We can’t let the Cambo oilfield go ahead with all the warnings from the International Energy Agency and the IPCC [International Panel on Climate Change] saying that this year there must be no new fossil fuel extraction if we’re to stay under 1.5 degrees Celsius. We need to take these things seriously and I’ll still be working on the Stop Cambo campaign. 

What do you think about civil disobedience as a tactic for achieving climate justice?

This system that is in place is literally designed against the change that needs to happen. Therefore, we can't rely on using that system to change something like this. We have so little time and it’s genuinely an existential threat for all of humanity. I find myself repeating this so often because it doesn't get into people’s heads. It’s difficult for the human mind to catastrophize. 

But we need to explore other ways to cause change. While civil disobedience, breaking the rules, will take you out of your comfort zone, it’s nothing compared to the suffering we’ll experience in the next few decades. Any discomfort will be absolutely nothing compared to what’s coming.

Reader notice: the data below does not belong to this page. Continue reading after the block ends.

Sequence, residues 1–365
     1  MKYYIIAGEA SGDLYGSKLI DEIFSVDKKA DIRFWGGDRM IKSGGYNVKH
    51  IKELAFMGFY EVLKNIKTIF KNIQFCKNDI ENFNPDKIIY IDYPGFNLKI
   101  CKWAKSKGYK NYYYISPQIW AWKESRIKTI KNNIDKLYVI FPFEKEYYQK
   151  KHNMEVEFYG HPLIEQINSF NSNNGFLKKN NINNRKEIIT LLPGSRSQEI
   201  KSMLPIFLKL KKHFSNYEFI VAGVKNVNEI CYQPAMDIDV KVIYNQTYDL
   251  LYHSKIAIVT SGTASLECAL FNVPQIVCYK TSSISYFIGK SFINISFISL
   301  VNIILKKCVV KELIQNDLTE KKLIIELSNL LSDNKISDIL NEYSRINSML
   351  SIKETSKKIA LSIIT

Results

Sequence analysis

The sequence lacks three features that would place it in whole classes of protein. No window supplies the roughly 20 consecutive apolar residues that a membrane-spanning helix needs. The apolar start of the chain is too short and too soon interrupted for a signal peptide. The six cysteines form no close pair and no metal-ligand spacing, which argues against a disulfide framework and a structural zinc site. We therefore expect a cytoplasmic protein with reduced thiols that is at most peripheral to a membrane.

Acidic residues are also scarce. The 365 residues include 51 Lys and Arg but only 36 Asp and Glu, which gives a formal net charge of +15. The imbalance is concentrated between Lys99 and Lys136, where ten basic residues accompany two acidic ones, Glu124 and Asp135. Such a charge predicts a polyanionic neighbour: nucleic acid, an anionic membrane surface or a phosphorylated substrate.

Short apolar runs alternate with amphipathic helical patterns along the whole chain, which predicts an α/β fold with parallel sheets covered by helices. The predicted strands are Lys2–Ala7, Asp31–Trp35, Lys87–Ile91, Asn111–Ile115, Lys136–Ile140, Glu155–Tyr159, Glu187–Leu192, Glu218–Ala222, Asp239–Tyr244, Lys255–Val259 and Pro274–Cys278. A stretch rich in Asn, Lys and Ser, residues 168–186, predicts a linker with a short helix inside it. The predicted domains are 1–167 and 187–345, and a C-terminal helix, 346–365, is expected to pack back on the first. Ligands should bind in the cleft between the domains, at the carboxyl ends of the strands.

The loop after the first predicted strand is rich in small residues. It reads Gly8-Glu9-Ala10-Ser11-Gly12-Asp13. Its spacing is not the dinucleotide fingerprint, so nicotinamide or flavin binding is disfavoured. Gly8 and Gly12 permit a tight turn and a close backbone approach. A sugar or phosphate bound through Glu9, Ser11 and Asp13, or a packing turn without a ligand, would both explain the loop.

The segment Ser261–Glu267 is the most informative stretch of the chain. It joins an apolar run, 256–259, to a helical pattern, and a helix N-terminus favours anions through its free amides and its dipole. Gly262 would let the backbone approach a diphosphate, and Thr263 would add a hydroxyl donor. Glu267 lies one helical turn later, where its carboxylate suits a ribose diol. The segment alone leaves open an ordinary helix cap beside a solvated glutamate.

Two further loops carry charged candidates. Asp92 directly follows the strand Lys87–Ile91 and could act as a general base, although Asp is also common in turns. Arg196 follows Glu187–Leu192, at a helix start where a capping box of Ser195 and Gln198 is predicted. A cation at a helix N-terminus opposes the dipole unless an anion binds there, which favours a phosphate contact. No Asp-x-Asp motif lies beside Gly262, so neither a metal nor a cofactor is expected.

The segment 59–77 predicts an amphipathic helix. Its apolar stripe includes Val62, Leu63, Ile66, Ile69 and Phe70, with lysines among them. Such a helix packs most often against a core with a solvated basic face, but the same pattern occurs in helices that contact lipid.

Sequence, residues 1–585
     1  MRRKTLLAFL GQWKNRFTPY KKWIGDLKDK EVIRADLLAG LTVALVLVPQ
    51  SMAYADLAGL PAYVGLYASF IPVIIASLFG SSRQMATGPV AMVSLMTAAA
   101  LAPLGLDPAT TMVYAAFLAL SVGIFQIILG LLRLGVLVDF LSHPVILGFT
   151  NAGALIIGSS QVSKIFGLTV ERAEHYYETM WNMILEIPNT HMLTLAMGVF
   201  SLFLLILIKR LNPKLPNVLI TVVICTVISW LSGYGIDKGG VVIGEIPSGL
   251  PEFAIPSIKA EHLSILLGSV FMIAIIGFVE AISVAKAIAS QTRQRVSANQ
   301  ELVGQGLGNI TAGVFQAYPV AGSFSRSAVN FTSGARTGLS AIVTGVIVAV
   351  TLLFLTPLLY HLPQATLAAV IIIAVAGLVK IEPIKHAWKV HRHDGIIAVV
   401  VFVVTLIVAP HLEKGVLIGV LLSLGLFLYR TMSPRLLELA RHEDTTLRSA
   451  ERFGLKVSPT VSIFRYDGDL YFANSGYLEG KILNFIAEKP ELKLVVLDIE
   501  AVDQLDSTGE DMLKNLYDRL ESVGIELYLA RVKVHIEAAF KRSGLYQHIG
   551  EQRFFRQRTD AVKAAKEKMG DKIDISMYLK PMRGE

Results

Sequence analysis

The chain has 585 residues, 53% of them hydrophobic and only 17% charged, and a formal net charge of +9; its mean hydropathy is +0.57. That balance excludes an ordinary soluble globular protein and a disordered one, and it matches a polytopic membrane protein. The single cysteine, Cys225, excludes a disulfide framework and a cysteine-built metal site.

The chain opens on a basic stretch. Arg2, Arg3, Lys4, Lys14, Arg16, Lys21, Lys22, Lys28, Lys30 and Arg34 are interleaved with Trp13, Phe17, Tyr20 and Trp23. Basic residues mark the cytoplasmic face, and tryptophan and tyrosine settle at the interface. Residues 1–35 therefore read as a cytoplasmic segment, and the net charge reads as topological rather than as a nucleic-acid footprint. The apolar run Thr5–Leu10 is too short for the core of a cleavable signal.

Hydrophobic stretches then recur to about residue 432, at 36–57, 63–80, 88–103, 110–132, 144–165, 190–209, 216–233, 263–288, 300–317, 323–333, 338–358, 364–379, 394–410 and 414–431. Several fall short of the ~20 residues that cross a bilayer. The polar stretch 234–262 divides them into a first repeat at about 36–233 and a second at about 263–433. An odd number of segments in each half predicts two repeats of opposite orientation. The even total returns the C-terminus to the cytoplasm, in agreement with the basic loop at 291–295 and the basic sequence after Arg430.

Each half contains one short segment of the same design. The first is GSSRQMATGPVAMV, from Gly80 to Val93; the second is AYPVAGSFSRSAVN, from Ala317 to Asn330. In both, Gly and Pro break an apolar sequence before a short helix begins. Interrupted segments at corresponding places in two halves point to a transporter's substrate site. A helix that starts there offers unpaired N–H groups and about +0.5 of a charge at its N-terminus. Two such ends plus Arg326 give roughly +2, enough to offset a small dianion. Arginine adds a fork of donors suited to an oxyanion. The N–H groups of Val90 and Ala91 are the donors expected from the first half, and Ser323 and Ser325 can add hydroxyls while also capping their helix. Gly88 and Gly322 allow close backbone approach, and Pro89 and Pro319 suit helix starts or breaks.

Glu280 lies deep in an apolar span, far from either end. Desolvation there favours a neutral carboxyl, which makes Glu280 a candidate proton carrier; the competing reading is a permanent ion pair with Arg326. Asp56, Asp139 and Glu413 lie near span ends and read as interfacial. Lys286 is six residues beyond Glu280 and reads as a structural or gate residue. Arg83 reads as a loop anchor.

There are radical steps we can take and I think it's a moral imperative to do so if we can.

What are the benefits of organizing and joining communities in the climate space?

Getting involved in social justice movements has given me a space to actually process the climate crisis. This is something that affects so many people so deeply, whether they’re aware of it or not. I want people to be able to understand what’s happening with earth, to learn what’s happening with nature.

The communities you become a part of give you support on a level you would never imagine. Here, communities are all about becoming better people and who the planet needs us to be. It’s a completely different way of life. 

If anyone is thinking about getting involved or doesn’t know what they have to say — just know it’s good enough. Just start taking imperfect action. We don’t have time to think, “Am I good enough for this?” Everyone is welcome in climate justice.